[Wansink, Marketing Nutrition, 501–3.]
The marketing of even a single food product can be a complicated process involving many producers and companies. For example, 56 companies are involved in making one can of chicken noodle soup.
These businesses include not only chicken and vegetable processors, but also the companies that transport the ingredients and those who print labels and manufacture cans.
The food marketing system is the largest direct and indirect non-government employer in the United States.
In the pre-modern era, the sale of surplus food took place once a week when farmers took their wares on market day into the local village marketplace. Here food was sold to for sale in their local shops for purchase by local consumers.
[Mead, 11–19.] [Jango-Cohen] With the onset of industrialization and the development of the food processing industry, a wider range of food could be sold and distributed in distant locations. Typically, early grocery shops would be counter-based where purchasers told the shop-keeper what they wanted and the shop-keeper would get it for them. [Benson]
In the 20th century, were born. Supermarkets brought with them a self service approach to shopping using , and were able to offer quality food at lower cost through economies of scale and reduced staffing costs. In the latter part of the 20th century, this has been further revolutionized by the development of vast warehouse-sized, out-of-town supermarkets, selling a wide range of food from around the world.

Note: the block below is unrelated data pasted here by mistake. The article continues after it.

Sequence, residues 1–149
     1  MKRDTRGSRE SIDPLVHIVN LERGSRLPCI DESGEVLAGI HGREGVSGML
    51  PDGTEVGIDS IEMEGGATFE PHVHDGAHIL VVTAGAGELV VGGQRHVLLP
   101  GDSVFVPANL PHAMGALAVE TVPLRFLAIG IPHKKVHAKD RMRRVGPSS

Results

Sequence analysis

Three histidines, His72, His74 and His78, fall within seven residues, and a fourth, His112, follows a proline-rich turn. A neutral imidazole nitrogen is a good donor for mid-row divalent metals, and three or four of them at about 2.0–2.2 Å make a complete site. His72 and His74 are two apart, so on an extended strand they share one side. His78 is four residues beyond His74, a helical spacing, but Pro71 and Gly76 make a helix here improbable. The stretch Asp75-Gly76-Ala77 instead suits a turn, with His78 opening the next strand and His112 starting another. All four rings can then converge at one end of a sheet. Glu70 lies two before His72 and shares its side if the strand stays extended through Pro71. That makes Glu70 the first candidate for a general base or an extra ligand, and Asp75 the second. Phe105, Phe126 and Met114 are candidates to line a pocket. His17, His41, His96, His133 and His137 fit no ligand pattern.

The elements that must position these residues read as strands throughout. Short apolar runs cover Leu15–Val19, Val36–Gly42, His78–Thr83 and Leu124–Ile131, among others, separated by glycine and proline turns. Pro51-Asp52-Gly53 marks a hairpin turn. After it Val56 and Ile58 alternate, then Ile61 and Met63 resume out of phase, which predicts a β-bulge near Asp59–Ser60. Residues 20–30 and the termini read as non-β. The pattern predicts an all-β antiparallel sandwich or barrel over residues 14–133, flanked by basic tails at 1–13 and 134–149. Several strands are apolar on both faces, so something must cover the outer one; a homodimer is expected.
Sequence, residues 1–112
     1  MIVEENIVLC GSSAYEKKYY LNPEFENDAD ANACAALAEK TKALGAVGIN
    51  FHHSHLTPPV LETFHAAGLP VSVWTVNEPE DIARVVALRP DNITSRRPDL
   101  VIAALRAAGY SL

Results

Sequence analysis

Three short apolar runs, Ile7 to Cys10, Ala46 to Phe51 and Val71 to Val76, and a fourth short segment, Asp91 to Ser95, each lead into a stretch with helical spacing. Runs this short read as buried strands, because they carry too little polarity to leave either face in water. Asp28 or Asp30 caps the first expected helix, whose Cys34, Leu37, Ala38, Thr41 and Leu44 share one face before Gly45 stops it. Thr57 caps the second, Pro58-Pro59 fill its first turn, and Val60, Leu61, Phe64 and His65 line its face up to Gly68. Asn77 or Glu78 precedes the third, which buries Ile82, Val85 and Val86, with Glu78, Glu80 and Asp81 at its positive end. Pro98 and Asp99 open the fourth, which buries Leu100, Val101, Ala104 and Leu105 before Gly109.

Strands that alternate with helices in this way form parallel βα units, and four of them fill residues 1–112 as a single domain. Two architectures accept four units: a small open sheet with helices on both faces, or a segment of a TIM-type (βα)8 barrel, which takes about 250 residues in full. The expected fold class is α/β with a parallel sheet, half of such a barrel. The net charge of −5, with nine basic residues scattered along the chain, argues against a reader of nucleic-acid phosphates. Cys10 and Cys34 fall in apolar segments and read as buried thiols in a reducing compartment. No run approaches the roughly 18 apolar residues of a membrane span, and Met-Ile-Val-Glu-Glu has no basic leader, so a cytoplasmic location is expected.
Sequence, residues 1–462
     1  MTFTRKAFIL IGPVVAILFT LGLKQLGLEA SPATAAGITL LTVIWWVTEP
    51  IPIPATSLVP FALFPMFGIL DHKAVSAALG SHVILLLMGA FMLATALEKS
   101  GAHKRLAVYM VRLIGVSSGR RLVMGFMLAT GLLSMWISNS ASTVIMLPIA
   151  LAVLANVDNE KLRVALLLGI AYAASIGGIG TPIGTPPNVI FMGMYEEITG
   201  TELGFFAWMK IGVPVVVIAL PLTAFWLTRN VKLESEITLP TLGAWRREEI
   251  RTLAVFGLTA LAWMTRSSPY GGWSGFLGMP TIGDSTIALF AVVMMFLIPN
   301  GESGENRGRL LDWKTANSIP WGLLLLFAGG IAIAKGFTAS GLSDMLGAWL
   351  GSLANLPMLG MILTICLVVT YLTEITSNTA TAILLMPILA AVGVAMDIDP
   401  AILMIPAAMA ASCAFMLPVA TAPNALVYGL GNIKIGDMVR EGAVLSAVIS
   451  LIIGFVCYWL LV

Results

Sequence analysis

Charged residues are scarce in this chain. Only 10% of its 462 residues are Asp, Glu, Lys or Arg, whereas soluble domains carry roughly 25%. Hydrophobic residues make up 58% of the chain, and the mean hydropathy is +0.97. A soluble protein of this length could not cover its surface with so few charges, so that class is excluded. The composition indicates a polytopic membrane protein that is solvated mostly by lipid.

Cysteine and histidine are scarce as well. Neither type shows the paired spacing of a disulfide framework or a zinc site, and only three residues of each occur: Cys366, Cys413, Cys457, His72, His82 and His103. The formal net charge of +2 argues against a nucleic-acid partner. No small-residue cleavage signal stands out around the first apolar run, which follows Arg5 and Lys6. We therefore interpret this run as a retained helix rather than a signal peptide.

Unlike food processors, food retailing is a two-tier market in which a small number of very large Corporation control a large proportion of supermarkets. The supermarket giants wield great purchasing power over farmers and processors, and strong influence over consumers. Less than 10% of consumer spending on food goes to farmers, with larger percentages going to advertising, transportation, and intermediate corporations.
[Magdoff, Fred (Ed.) "The farmer's share of the food dollar (after paying for input costs) has steadily declined from about 40 percent in 1910 to less than 10 percent in 1990."]
It was reported on March 24, 2008, that consumers worldwide faced rising food prices.
["Food prices rising across the world", CNN. 24 March 2008]
Reasons for this development include changes in the weather and dramatic changes in the global economy
, lower food reserves, and growing consumer demand in China
The US Labor Department has calculated that food purchased at home and in restaurants is 13% of household purchases, behind 32% for housing and 18% for transportation. The average US family spent $280 per month or $3,305 per year at grocery stores in 2004. The newsletter Dollar Stretcher survey estimated $149 a month for a single person, $257 for a couple and $396 for a family of four.
As of 2011, 1.3 billion tons of food, about one third of the global food production, are lost or wasted annually. The USDA
estimates that 27% of food is lost annually.
In developing and developed countries which operate either commercial or industrial agriculture